Toon Link has a unique set of custom moves that can give him brand-new options. Not all of them are good trade-offs, though, so I’m going to list each special move, and which choice will work best for your amiibo.
Neutral special (Hero’s Bow):
- In addition to Hero’s Bow, the default version of the move, there’s also Fire Bow and Piercing Bow. The former has reduced range, damage, and knockback, but lingers if it hits the ground. The latter, hence its name, flies straight through enemies, at the cost of reduced range and damage. Your best option here is probably the default Hero’s Bow, as it balances power, range, and speed.
Side special (Boomerang):
- There are two custom versions of this move: Floating Boomerang and High-Speed Boomerang. The former flies slowly and can’t be angled, but has a larger hitbox and lingers for a longer time. The latter, as you might guess, has enhanced speed and hits multiple times, but takes longer to throw and and has a smaller hitbox. Your best choice is the default Boomerang, as it is the most consistent of the three possible options.
Up special (Spin Attack):
- Along with the default Spin Attack, we also have Sliding Spin Attack and Flying Spin Attack. The first one, Sliding Spin Attack, traps opponents and hits multiple times before launching them. It deals more damage, but worsens Toon Link’s already-poor up special recovery. Flying Spin Attack grants super armor and more damage potential, but has less vertical distance than normal. Your best bet here is the default Spin Attack, as it is better for recovery than the other two options.
Down special (Bomb):
- In addition to the default version of the move, we also have Time Bomb and Short-Fused Bomb. However, I don’t think it’s necessary to worry about this move – Toon Link’s AI doesn’t use it very well anyway. It’s better to focus on the other two projectiles in his arsenal.
Feeding Your Amiibo
It’s time to start feeding your amiibo equipment! Please be aware that, for this part, I’m going to assume you’re going with my recommendations for stats and bonuses.Once you’re ready to begin, open the game, navigate to Games & More, and then to the amiibo section. Scan in your Toon Link amiibo, and you’ll see a status screen that details his stats and bonus effects.
There are a few things I want to mention before we continue. First, don’t worry about your amiibo’s current level, and definitely don’t reset it just to use this guide. Just like an old dog can learn new tricks, a Level 50 amiibo can adapt to newly added or changed equipment. It can be Level 1, Level 50, or anywhere in between – whichever the case, the feeding method I’m about to explain will work on your amiibo.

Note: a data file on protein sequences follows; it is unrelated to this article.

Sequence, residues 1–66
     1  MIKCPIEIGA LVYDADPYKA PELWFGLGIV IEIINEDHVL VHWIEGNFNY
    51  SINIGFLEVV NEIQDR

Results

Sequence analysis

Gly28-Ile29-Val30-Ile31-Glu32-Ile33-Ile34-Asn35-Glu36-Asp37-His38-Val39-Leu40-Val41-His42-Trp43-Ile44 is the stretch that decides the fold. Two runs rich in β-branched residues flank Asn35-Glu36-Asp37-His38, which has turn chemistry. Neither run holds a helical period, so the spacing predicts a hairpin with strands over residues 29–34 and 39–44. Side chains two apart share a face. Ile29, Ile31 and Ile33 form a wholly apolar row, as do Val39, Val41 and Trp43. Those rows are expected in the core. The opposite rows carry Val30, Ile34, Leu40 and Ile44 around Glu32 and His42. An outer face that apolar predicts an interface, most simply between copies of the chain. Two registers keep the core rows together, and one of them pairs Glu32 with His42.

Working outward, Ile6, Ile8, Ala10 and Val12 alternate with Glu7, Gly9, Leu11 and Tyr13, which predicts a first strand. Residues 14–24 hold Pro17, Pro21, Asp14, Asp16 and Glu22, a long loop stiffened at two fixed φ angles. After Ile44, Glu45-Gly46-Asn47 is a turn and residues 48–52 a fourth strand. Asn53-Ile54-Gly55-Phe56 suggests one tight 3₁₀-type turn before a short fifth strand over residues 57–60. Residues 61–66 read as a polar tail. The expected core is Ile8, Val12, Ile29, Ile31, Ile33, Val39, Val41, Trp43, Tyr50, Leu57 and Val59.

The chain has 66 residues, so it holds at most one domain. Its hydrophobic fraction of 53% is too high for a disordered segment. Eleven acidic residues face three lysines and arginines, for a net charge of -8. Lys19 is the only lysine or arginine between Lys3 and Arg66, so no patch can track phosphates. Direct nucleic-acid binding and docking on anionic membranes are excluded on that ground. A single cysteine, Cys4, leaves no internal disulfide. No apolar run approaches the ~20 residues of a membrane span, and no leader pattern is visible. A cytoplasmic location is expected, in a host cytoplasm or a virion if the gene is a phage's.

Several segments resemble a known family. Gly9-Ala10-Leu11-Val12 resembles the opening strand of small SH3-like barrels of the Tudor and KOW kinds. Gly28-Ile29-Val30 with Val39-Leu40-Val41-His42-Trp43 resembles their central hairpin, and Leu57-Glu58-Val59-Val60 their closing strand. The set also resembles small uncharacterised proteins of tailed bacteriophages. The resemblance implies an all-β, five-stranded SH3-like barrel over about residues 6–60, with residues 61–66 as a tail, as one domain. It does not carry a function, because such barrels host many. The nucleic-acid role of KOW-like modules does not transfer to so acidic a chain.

Step 1: Equipping Bonus Effects
The first thing we’re going to do is give your amiibo its three bonus effects. Click the “Feed Equipment” option from the menu, and sort your equipment stash alphabetically. You’re going to be searching for three specific “prefixes” on your equipment pieces: “Critical Hitter”, “Escape Artist”, and “Shield Exploder”. You can look at the image above for a visual example. If you realize you don’t have one of these bonuses, leave one of the slots blank, and you can feed your Toon Link the missing bonus later.
Step 2: Rounding Out Stat Values
For many people, this is the most difficult step: rounding out your amiibo’s points. The goal is to give your amiibo 40 points attack, 70 points defense, and 10 points speed. Don’t worry if you end up with, say, 36 points attack, 76 points defense, and 8 points speed. We’re aiming for a ballpark range here.
If you don’t know this already, each piece of equipment has a different color: orange, blue, or green. Orange pieces will increase an amiibo’s attack power, but decrease its defense. Blue pieces will increase its defense, but lower its speed. A green piece will increase its speed, but lower its strength.
Step 3: When Your Amiibo Gets Full
At some point as you feed your amiibo, it’ll become full and won’t be able to eat any more equipment. Normally, you’d have to battle your amiibo to continue the feeding process, but luckily, there’s an exploit that was brought to light by Amiibo Trainer. If you take your full amiibo into a 1-stock match and immediately run off the stage and KO yourself when the game begins, you’ll be able to feed it again once the match ends. Now, as you may know, an amiibo can’t learn to KO itself – and since that’s the only thing you’re doing in this kind of match, your amiibo learns nothing. It has no effect on its tendencies, no matter how many times you repeat it.
Why is this trick relevant, you ask? Well, when your amiibo does become full (it’ll happen eventually), you probably won’t yet be done adjusting its points. If you were to play a legitimate match with your amiibo at this point, it would start to adapt to its new spread, only for it to be changed again the next round. That’s why we KO ourselves – the match will have ended too quickly for your amiibo to adapt. Oh, and it saves time, so there’s that too.
Completing the Feeding Process